5 July 2014


Welcome to the English Skills blog for English 140 (Grammar), English 143 (Writing for Academic Purposes), and English 146 (Reading for Academic Purposes) at Athabasca University. These courses may be taken separately or as part of the English Language Proficiency Program. The goal is to increase communication between students and instructors, and to provide students with an opportunity to communicate with each other and to practice the skills taught in these courses. If you post general questions about the assignments or the course, they will be addressed in the blog. If you have detailed questions you want answered, then e-mail your instructor.

Feel free to post comments and suggestions for how to improve this site!


A hearty welcome to all the new students joining these courses. We hope you enjoy your studies and have fun participating in this blog.

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Next blog: There will be a summer hiatus before the next blog appears on Friday, August 8, 2014.


For instant; the way in which the correspondents course differ then classrooms , is that the equipments' costs are very expensive  for  students are ought to have computer, internet, and another modern up to date things.

1. Word confusion: 

The word we want here is "instance", which refers to an example or occurrence, not "instant" which is a very short period of time.

2. Article use: 

There is more than one way for courses to differ, so we shouldn't use the definite pronoun ("the"). It would better to use "a" or "one" instead.

2. Comparison: 

The items being compared need to be clear and comparable. In this case, we want to compare different kinds of courses, not a course and a classroom, so the wording needs to make this clear.

3. Word form: 

"Correspondents" is the plural form of the noun. What we need is the adjective, "correspondence". Note also that "correspondent's" or "correspondents'" would be correct from a grammatical point of view, but would mean something quite different.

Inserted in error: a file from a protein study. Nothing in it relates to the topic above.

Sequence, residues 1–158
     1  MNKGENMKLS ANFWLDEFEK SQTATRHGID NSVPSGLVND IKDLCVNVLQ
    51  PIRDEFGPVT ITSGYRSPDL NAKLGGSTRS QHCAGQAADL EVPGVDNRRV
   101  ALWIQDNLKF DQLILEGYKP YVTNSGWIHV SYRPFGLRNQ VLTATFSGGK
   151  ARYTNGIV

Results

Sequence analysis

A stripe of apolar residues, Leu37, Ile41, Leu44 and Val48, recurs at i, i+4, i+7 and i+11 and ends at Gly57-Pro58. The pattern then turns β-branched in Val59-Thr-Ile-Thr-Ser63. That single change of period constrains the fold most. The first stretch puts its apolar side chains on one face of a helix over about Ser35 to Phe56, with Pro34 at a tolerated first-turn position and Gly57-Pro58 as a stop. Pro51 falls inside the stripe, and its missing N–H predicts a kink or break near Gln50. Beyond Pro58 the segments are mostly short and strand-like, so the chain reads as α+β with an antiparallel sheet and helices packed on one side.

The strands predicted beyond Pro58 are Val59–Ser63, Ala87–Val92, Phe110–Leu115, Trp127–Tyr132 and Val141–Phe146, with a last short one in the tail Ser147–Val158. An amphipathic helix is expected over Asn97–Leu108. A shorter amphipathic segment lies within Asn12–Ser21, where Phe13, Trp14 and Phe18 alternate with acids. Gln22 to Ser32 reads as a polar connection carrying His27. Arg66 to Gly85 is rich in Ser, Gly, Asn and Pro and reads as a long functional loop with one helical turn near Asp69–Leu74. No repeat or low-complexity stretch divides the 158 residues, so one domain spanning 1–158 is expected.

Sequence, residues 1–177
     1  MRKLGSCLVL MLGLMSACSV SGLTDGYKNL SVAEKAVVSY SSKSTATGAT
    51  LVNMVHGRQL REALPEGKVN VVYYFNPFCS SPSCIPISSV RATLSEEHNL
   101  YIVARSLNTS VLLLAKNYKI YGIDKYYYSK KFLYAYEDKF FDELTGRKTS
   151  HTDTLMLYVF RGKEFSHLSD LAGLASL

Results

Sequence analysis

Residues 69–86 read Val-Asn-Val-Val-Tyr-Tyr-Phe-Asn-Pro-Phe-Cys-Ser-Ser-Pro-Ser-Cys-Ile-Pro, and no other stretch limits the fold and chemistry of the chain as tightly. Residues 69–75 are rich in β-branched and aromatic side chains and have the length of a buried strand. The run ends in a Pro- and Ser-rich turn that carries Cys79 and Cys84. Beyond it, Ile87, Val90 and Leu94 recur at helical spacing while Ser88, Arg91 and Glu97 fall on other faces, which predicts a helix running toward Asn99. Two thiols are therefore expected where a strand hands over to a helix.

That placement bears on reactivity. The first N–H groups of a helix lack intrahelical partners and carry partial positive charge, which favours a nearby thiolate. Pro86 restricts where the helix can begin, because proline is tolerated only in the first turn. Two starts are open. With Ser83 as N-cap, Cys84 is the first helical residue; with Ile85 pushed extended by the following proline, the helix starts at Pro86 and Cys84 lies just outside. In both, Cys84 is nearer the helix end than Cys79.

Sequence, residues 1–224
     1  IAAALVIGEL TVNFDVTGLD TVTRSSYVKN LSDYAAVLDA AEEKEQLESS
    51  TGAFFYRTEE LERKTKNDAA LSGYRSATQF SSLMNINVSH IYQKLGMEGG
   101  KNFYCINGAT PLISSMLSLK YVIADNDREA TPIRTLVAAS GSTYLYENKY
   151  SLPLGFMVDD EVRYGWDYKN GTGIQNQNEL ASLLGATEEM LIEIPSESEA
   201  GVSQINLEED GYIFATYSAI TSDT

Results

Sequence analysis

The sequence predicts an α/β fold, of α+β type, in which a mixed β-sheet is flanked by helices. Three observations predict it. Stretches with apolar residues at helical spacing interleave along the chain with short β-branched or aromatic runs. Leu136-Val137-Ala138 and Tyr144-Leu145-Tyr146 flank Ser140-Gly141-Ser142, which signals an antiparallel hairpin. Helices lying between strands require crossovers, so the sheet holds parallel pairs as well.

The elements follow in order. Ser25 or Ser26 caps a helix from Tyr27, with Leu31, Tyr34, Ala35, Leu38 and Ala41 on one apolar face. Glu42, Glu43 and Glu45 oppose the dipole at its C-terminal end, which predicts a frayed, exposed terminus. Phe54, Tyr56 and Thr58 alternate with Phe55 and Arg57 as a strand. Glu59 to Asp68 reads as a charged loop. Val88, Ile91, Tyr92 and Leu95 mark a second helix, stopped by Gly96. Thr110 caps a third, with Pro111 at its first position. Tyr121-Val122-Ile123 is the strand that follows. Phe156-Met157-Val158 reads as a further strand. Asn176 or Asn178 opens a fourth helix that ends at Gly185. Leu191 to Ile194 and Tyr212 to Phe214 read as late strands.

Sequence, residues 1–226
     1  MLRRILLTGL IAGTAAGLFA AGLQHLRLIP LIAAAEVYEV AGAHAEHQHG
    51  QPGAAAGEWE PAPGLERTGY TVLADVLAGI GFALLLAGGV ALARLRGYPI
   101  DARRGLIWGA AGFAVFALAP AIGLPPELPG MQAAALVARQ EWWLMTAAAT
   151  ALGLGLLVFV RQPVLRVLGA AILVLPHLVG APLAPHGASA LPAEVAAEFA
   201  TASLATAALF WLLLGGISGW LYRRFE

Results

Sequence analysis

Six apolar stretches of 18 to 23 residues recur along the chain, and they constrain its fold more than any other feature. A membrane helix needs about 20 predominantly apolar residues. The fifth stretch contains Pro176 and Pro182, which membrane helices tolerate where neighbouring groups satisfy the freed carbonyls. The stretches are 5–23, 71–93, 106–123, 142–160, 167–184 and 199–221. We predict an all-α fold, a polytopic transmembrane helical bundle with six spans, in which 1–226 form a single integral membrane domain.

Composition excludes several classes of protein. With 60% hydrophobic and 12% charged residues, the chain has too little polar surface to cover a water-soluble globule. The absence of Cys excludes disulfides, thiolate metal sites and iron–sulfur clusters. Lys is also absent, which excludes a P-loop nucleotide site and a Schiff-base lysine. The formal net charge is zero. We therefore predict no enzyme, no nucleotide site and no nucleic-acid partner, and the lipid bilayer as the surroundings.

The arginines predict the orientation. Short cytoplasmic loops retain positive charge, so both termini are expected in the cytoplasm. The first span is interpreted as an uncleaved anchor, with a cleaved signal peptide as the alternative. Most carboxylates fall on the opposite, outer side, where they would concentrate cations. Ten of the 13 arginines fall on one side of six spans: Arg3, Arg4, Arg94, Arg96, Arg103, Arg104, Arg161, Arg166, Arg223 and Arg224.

4. Number: 

We could use either the singular ("course") or the plural ("courses"), but the items need to be comparable: "correspondence course/classroom course" or "correspondence courses/classroom courses".

5. Word confusion: 

Do not confuse "then", which refers to what happens next, with "than", which we use to make comparisons. But here, we need another word entirely: "from". One thing can be "different than" another, but it "differs from" another.

6. Word form: 

The word "equipment" modifies the noun "cost". We could use the adjective form ("equipment cost") or we could make it possessive ("the equipment's cost"). But we can't make it plural ("equipments"), so we cannot use the plural possessive ("the equipments' cost").

7. Verb use: 

You do not need the auxiliary ("are") with the modal ("ought"). You can say "ought to have", but simplicity is usually better, so consider using the word "need" instead.

8. Number error: 

There are several students, so there should be more than one “computer”.

9. Preposition: 

In this sentence "for" is being used as a conjunction (meaning "because"). But it sounds like a preposition ("expensive for students"), so it would be clearer if we used a different word ("because", "since", or "as").

10. Agreement error: 

The word "another" is singular (literally, "an" other). But we need the plural form: "other".

11. Punctuation: 

A semicolon is used between independent clauses when there is no coordinating conjunction. We should not use it after a phrase like "for instance". Use a comma instead. 

You should not use a comma to separate the subject from its verb, so you should omit the comma before "is". 

You should also hyphenate compound adjectives like "up-to-date".

12. Redundancy:

"Modern" means "up-to-date" so you don't need both words.

Possible solution

For instance, one way in which correspondence courses differ from classroom courses is that equipment costs are very expensive, as students need to have computers, internet, and other up-to-date things.


Correct the errors in the following sentence: